Nurturing literacy-rich environments for toddlers KENT DISTRICT LIBRARY/GRAND RAPIDS PUBLIC LIBRARY / STORYTIME & PRE-READING EVALUATION PROJECT Training women who Can libraries help parents and caregivers nurture early literacy development in children? Youth librarians at Kent District and Planting the seeds of play guide women—through Grand Rapids public libraries set out to answer that very question in a first-of-its kind study on the effectiveness of their story time GRAND RAPIDS CHILDREN’S MUSEUM / ACCESS Unstructured playtime is essential to children’s cognitive, physical, social, and birthing and beyond and pre-reading programs for 0- to 3-year olds. Early results show that, among other gains, parents and caregivers who attended with emotional wellbeing. Unfortunately, children who live in poverty have fewer opportunities to just play. That’s why the Grand Rapids Children’s Museum is their toddlers increased their use of strategies that nurture early MOMSBLOOM / literacy—singing, pointing, using finger play, etc.—by as much as 200%. expanding access to more than 38,000 children and their caregivers with free COMMUNITY-BASED DOULA PILOT For libraries, which traditionally measure their effectiveness solely by admission for children from low-income neighborhoods, low-cost entrance fees on family nights, programming that provides greater access for children with attendance, these results underscore the importance of their early Women are increasingly turning to professional doulas for disabilities, and free memberships for children and families that rely on local literacy programs and will help them attract essential funding. physical, emotional, and informational support in the birthing human service agencies. It’s a multi-pronged approach to ensuring that all process. And for good reason. Studies link doulas’ involvement children in our community have access to the transformative power of play. before, during, and after delivery with lower numbers of preterm birth and cesarean births, healthier newborns, greater success in breastfeeding, and an overall reduction in healthcare costs. Unfortunately, prohibitive cultural norms and economic challenges often put doula services out of reach for many women of color. MomsBloom hopes to change that with a three-year pilot program that trains and certifies women to work as doulas in their own communities—bringing social parity to low-income families and creating a viable career path for women who are called to serve. Inspiring urban kids to bloom in nature CAMP BLODGETT / SUMMER ACADEMY Engaging urban teens in Lake Michigan may be right next door, but plenty of kids in metro Grand Rapids never have seen the lake. Camp Blodgett’s Summer Academy is changing that. Designed to get kids outside and stem summer learning community problem solving loss, the four-week camp balances core academic work with sailing, swimming, hiking, and more—all at little or no cost to low-income families. As they return each summer, Academy students build lifelong friendships, WEST MICHIGAN CENTER FOR fortify their academic and social skills, and deepen their connection to nature. Many graduates continue as ARTS + TECHNOLOGY (WMCAT) youth leaders—inspiring younger students to learn and grow as part of this special community. / TEEN ARTS & TECH PROGRAM Many students—particularly urban teens—find themselves disenfranchised from traditional education. WMCAT’s after-school program engages students in hands-on opportunities to explore art, photography, fashion, video game design, and more. Then WMCAT gives them an opportunity to put their design skills to work—pairing teams of students with opportunities to solve needs in their community. Across the city, teens are employing design-thinking principles to tackle tough issues like animal welfare, neighborhood development, homelessness, cancer support, and park preservation. WMCAT’s goal is not just to engage and inspire these teens, but to help them build the social capital and skills they need to find their own paths forward, and create positive change in their communities at the same time. With a vision to “empower people to reach their full potential,” the Steelcase Foundation strives to nurture the growth and development of community as an ecosystem through foundation grants. How can the Steelcase Foundation encourage achievement in children of all ages? Help troubled families flourish? Establish roots for homeless youth? Improve infant and maternal health through neighborhood doula services? Engage urban teens in solving problems in their community? What role can libraries play in nurturing early child literacy? How important is play to a child’s whole development? The questions are many; the stakes are high. This commitment to building thriving ecosystems is demonstrated through the Steelcase Foundation’s efforts to identify root causes and foster systemic solutions that nourish the complex path of the child to adulthood and support the well-being of the encompassing ecosystem of parents, infants, teens and teachers—and all who nurture and encourage. We invite you to dig in and explore the Steelcase Foundation 2015 Annual Report, the ecosystem created within this work and the cultivation and growth of the roots and shoots along the way. KATE PEW WOLTERS JULIE RIDENOUR Chairperson President Establishing roots for homeless youth HQ / YOUTH DATA COLLABORATIVE Most local social services focus on programs for homeless adults and families, leaving about 500 young people in Grand Rapids with no safe place to call home. HQ is helping to fill that gap with a first-of-its-kind, Helping troubled downtown drop-in center: a safe place for homeless and runaway teens to rest; tend to hygiene; do laundry; and families to flourish connect with housing, counseling, employment, and educational resources. This new model of assistance is centered on building both trust and a sense of belonging. BRIEF STRATEGIC FAMILY THERAPY As teens share their personal stories, HQ staff members PILOT PROGRAM / D.A. BLODGETT-ST. JOHN’S are gaining fresh insight into the unique and complex Facing diminishing resources and growing pressure to achieve faster results from family therapy, challenges facing teens who are living on the street. D.A. Blodgett-St. John’s launched a three-year pilot program that focuses on the present, rather That understanding is fueling the development of new than the past, to change destructive patterns. This new model, originally developed to assist and innovative ways to help young people move beyond Cuban refugees in Miami, promises better outcomes faster, as well as higher rates of engagement, trauma and toward healthy adult lives. retention, and completion among families. Foundation funding is being used to provide staff training and accreditation and to document the findings of this pilot program. If successful, the concept will offer new hope for preventing child abuse and neglect and for building healthier families in Kent County—D.A. Blodgett-St. John’s mission since 1887. Guiding nonprofits toward fresh perspectives DOROTHY JOHNSON CENTER FOR PHILANTHROPY AT GVSU & KENDALL COLLEGE OF ART AND Restoring programs that connect DESIGN / DESIGN FOR THE GREATER GOOD CAPACITY BUILDING INITIATIVE seniors with young people in need Amazing things can happen when you look at a problem and ask, “How might we ...?” That question—and the design thinking process from which it springs—are at the SENIOR NEIGHBORS & GERONTOLOGY NETWORK / MERGER center of a collaborative venture between GVSU’s Johnson Center for Philanthropy When financial constraints forced the Gerontology Network to close last summer, it left four key programs and KCAD. During an 8-week workshop, area nonprofits bring their knottiest in limbo. At risk were a respite program for caregivers as well as several programs that paired senior problems to the table and then work collaboratively toward developing solutions citizens with vulnerable youth, including a reading and math tutoring program, a foster grand parenting using the expansive power of design thinking—a user-centric, creative and fruitful program for children with special needs, and a mentoring program for at-risk 11- to 21-year olds. Senior process for developing fresh solutions to problems new and old. As ideas emerge, Neighbors, a local organization working to improve the lives of area seniors, recognized the loss to both the Johnson Center is working alongside participating nonprofits to help them young people and seniors and stepped in to bring these programs under their umbrella of operation. The implement those ideas—whether that means finding new ways to reach homeless merger’s costs—legal and financial consults, space needs, and staff development—were underwritten by youth or new ideas on how to spur an organization’s supporters to become financial the Steelcase Foundation, ensuring the seamless continuance of these cross-generational programs that donors. This workshop has enormous potential to grow the effectiveness give meaning and purpose to senior citizens and a lifeline to vulnerable youth. of the region’s nonprofits and help the greater community thrive.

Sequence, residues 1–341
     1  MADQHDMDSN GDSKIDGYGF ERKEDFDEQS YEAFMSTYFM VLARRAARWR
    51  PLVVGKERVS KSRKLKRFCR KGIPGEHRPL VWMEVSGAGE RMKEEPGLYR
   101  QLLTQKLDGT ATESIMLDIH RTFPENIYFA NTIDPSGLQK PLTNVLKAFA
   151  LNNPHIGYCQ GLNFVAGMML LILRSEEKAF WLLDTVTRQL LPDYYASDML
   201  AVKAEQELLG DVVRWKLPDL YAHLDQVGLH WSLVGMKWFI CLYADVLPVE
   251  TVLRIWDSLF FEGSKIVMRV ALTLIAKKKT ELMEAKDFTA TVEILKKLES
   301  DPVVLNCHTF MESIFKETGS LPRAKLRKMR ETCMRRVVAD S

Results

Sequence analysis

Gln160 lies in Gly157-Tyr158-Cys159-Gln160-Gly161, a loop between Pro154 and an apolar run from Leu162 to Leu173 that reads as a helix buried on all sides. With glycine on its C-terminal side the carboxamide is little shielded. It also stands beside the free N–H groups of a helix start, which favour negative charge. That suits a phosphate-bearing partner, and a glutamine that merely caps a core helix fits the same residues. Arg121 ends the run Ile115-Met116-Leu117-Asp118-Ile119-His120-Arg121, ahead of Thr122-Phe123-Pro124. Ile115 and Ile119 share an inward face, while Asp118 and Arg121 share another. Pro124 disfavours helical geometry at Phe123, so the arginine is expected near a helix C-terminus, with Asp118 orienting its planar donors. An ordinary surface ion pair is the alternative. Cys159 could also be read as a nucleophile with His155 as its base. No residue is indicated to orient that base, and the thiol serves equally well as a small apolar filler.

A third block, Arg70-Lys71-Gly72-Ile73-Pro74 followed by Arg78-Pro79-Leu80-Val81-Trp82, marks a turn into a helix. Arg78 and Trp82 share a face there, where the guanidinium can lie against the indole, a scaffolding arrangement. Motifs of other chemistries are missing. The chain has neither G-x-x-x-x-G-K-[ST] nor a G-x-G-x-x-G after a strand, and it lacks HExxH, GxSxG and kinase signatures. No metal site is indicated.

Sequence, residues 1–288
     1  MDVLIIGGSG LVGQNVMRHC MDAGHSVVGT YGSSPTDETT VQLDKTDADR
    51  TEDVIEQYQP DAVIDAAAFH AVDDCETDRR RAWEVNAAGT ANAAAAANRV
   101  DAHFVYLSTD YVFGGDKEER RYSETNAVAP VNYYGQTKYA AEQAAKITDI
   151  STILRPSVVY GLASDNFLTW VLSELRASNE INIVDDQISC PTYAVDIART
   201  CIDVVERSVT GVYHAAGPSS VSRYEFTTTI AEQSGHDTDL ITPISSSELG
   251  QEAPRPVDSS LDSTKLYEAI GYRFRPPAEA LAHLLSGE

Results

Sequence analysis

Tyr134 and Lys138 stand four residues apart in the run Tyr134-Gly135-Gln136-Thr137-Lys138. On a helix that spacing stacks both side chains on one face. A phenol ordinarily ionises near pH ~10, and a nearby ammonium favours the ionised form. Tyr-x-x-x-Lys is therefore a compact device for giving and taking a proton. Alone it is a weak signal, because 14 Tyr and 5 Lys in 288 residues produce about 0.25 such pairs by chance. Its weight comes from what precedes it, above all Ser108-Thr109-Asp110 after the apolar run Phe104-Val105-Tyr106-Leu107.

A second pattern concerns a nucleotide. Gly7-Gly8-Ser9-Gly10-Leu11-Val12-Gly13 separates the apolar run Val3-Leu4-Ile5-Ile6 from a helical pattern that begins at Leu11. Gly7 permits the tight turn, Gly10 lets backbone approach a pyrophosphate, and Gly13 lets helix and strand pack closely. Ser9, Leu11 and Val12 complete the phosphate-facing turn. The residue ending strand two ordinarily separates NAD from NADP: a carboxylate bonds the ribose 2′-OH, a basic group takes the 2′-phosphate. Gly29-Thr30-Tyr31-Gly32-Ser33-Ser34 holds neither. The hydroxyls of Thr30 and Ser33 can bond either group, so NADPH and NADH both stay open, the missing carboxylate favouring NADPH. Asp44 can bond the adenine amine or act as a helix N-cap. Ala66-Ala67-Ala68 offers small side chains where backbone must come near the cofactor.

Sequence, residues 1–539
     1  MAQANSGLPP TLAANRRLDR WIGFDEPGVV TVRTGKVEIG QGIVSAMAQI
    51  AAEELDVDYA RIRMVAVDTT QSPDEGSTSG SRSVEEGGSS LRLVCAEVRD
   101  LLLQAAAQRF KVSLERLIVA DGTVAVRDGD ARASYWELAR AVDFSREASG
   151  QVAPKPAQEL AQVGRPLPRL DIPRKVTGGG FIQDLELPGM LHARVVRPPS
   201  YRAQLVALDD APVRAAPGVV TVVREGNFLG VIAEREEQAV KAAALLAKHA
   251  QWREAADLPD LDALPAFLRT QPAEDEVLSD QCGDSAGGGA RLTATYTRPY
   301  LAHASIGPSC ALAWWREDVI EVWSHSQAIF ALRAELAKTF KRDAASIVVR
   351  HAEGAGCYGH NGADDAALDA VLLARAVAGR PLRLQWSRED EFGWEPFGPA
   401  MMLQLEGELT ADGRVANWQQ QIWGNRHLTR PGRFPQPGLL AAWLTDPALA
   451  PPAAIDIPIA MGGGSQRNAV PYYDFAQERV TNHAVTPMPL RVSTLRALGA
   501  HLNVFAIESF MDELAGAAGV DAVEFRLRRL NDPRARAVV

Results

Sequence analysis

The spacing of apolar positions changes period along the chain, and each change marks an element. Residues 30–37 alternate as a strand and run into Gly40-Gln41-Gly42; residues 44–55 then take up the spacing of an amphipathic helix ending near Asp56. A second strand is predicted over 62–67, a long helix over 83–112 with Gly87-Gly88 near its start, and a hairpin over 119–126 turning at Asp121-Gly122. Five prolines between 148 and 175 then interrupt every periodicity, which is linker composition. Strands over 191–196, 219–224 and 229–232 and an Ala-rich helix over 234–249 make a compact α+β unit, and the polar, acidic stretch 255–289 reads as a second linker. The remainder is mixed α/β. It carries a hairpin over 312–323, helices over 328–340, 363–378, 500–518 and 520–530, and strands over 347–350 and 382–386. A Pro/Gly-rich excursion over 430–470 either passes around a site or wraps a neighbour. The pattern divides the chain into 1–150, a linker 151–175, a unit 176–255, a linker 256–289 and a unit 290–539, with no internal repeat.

$125,000 / $125,000 Student Achievement Improvement through Trustees Investment Human-Centered Redesign GODFREY-LEE PUBLIC SCHOOLS KATE PEW WOLTERS Board Chair Committee www.godfrey-lee.org JAMES P. KEANE MARY ANNE HUNTING $0 / $10,000 CARL JANDERNOA KSSN Leadership Team MARY ANNE HUNTING $100,000 Capacity Building ELIZABETH WELCH CRAIG NIEMANN KConnect KENT SCHOOL Operational Support SERVICES NETWORK MARY GOODWILLIE NELSON KATE PEW WOLTERS $217,040 / $361,975 KCONNECT GRPS Leadership www.kentssn.org CRAIG NIEMANN GARY MALBURG k-connect.org $67,487 / $134,974 Staff Development GRAND RAPIDS Godwin Heights ROBERT C. PEW III PUBLIC SCHOOLS High School/KSSN BRIAN CLOYD www.grps.org Collaborative Project Ex Officio Member GODWIN HEIGHTS PUBLIC SCHOOLS $25,000 $123,500 / $127,500 www.godwinschools.org Foundation Staff Library Scholars Comprehensive JULIE RIDENOUR Program Curriculum Audit GRANDVILLE President AVENUE ARTS AND GRAND RAPIDS HUMANITIES, INC. PUBLIC SCHOOLS PHYLLIS GEBBEN www.grps.org www.gaah.org Donation Coordinator $500,000 / CHRISTINE NELSON, PH.D. $1,000,000 Grants Consultant Kent County School Leader and Master Teacher Capacity $150,000 Development Support for EDUCATION TRUST General Operations $50,000 / – MIDWEST $5,000 $100,000 GRAND RAPIDS midwest.edtrust.org ART MUSEUM Equity Education Federal Building www.artmuseumgr.org KCONNECT Renovation for Kendall College k-connect.org $100,000 / $42,500 / $40,000 of Art & Design of $112,000 Access Ferris State University “Design for the Greater FERRIS STATE UNIVERSITY www.ferris.edu $1,602,461 GRAND RAPIDS CHILDREN’S MUSEUM $362,500 Good” Capacity Building Initiative at Dorothy www.grcm.org is the total granted A. Johnson Center for is the total granted to support projects in Philanthropy to support projects in $138,000 / $228,000 $30,000 $16,714 EDUCATION Empowering Parents ARTS & CULTURE GRAND VALLEY STATE UNIVERSITY Nonprofit Technical Every Child Ready Impacting Children (EPIC) with $40,000 www.gvsu.edu Assistance Fund to Read Outcomes with $2,287,449 EARLY LEARNING pledged for 2016 GRAND RAPIDS Measurement pledged for 2016 NEIGHBORHOOD $170,000 COMMUNITY FOUNDATION COLLABORATIVE KENT DISTRICT www.grfoundation.org LIBRARY www.elncgr.org Underwriting Music www.kdl.org Director’s Chair GRAND RAPIDS $9,700 SYMPHONY $43,000 2015 Membership Dues www.grsymphony.org COUNCIL OF MICHIGAN $175,000 / $200,000 Improving FOUNDATIONS $16,720 Michigan’s Pre-K—12 Grand Rapids www.michigan Challenge Scholars Every Child Ready public education systems foundations.org $9,700 GRAND RAPIDS to Read Outcomes COUNCIL OF MICHIGAN 2014/2015 Measurement FOUNDATIONS COMMUNITY Membership Dues FOUNDATION www.grfoundation.org GRAND RAPIDS PUBLIC LIBRARY FOUNDATION www.michigan foundations.org $149,400 COUNCIL OF MICHIGAN FOUNDATIONS www.grpl.org is the total granted www.michigan to support projects in foundations.org COMMUNITY & ECONOMIC DEVELOPMENT AND OTHER PROGRAM AREAS $4,253,778 with $762,000 pledged for 2016 $0 / $500,000 Restoring the Namesake Rapids $20,000 TOTAL GIVING IN 2015 to Grand Rapids GRAND RAPIDS $20,000 $0 / $150,000 WHITEWATER Parks Alive: WMEAC reclaim & sustain, grwhitewater.org Assistance Fund “Sowing clean & green, Opportunity Now” stay & play FRIENDS OF GRAND RAPIDS COMMUNITY FOUNDATION www.grfoundation.org $3,736,323 workforce-based program GRAND RAPIDS GRAND RAPIDS PARKS GRANTED TO 47 ORGANIZATIONS URBAN LEAGUE, INC. www.friendsof $40,000 www.grurbanleague.org $3,520,482 grparks.org is the total granted to support projects in IN FUTURE PLEDGES ENVIRONMENT $517,455 $10,000 Building Bridges Campaign IN MATCHING FUNDS BOYS & GIRLS CLUBS OF GRAND RAPIDS YOUTH COMMONWEALTH INC. www.bgcgrandrapids.org $60,000 / $40,000 Brief Strategic Family $60,000 Therapy Pilot Project $20,000 Expanding Access D. A. BLODGETT- Funding for to School-Based ST. JOHN’S Homelessness Study Health Care www.dabsj.org DYER-IVES FOUNDATION in Kent County www.dyer-ives.org CHERRY HEALTH www.cherryhealth.org $6,124 2015 Nepal $100,000 / $125,000 $70,000 Earthquake Relief (employee matching gift) Teen Outreach Program BETHANY CHRISTIAN $1,511,962 is the total granted AMERICAN RED CROSS SERVICES is the total granted www.bethany.org to support projects in $200,000 to support projects in www.redcross.org 2014 Campaign $10,000 HEALTH KidCheck Plus HUMAN SERVICE HEART OF WEST MICHIGAN SIGHT SAVERS with $411,083 UNITED WAY OF ALABAMA $44,378 / $46,083 pledged for 2016 www.hwmuw.org sightsaversamerica.org/ kidcheck-plus Out of School Time (OST) Quality Improvement $100,000 $16,400 System Continuation “A Journey Home” Summer Academy CAMP FIRE capital campaign WEST MICHIGAN 4C FAMILY PROMISE CAMP BLODGETT www.4cchildcare.org OF GRAND RAPIDS www.campblodgett.org www.familypromisegr.org $80,000 YouthFull Data Collaborative support GRAND RAPIDS HQ $49,555 RUNAWAY & HOMELESS YOUTH DROP-IN 2015 Campaign hqgr.org UNITED WAY OF ATHENS AND LIMESTONE COUNTY www.unitedway $400,000 / $100,000 athenslimestone.com 2015 Campaign HEART OF $30,000 / $30,000 WEST MICHIGAN $30,000 / $30,000 UNITED WAY Kids Helping Kids Community-Based www.hwmuw.org KIDS’ FOOD BASKET Doula Pilot www.kidsfoodbasket.org MOMSBLOOM momsbloom.org STATEMENTS OF ACTIVITIES YEAR ENDED NOVEMBER 30 2015 2014 $100,000 $45,000 / $20,000 Revenues “Never a Rainy Day at Community Food Club Camp” construction of Life of Greater Grand Rapids In-kind contributions $ 338,277 $ 331,153 $20,000 / $20,000 Skills and Activity Center HOME REPAIR SERVICES Contributions 917,000 1,076,000 STATEMENTS OF FINANCIAL POSITION Kids Count in Michigan OF KENT COUNTY INDIAN TRAILS CAMP, INC. Investment income: MICHIGAN LEAGUE www.homerepair www.indiantrailscamp.org Dividends and interest 707,166 673,509 YEAR ENDED NOVEMBER 30 2015 2014 FOR PUBLIC POLICY services.org www.mlpp.org Net realized & unrealized (2,123,144) 5,498,388 gain on investments Assets Total Revenues $ (160,671) $ 7,579,050 Cash & cash equivalents $ 516,500 $ 1,322,403 Accrued interest receivable 16,663 21,178 Expenses Investments, at fair value 93,115,302 98,311,985 Grants & matching gifts $ 4,876,810 $ 3,211,930 Federal excise tax refundable 22,155 25,501 $40,000 Investment management & agency fees 1,154,375 1,161,570 Total Assets $ 93,670,620 $ 99,681,067 Senior Neighbors $10,505 Current provision for federal excise tax 103,346 75,093 Liabilities & Net Assets & Gerontology Network General & administrative 338,277 331,153 Older Adult Volunteer 2015 Campaign Total Expenses $ 6,472,808 $ 4,799,746 Liabilities: Grants payable $ 3,500,532 $ 2,877,500 Programs Merger UNITED WAY OF GREATER $100,000 HIGH POINT, INC. Net Assets: Unrestricted $ 90,170,088 $ 96,803,567 SENIOR NEIGHBORS, INC. Influencing Measurable www.unitedwayhp.org Increase in Net Assets $ (6,633,479) $ 2,799,304 seniorneighbors.org Change in Kent County’s Early Total Liabilities & Net Assets $ 93,670,620 $ 99,681,067 Childhood System Net Assets, beginning of year $ 96,803,567 $ 94,004,263 FIRST STEPS KENT firststepskent.org Net Assets, end of year $ 90,170,088 $ 96,803,567 $50,000 Project-Based Learning for Teen Arts Program WEST MICHIGAN CENTER FOR ARTS AND TECHNOLOGY www.wmcat.org CREATIVE DIRECTION & DESIGN: RACHEL HYDE & COPYWRITING: KATHY O’BRIEN & ILLUSTRATION: LUCY ENGELMAN 04/16 © 2016 STEELCASE FOUNDATION * ALL RIGHTS RESERVED * P.O. BOX 1967/GH-4E, GRAND RAPIDS, MI 49501-1967 * PHONE: 616-246-4695 * STEELCASEFOUNDATION.ORG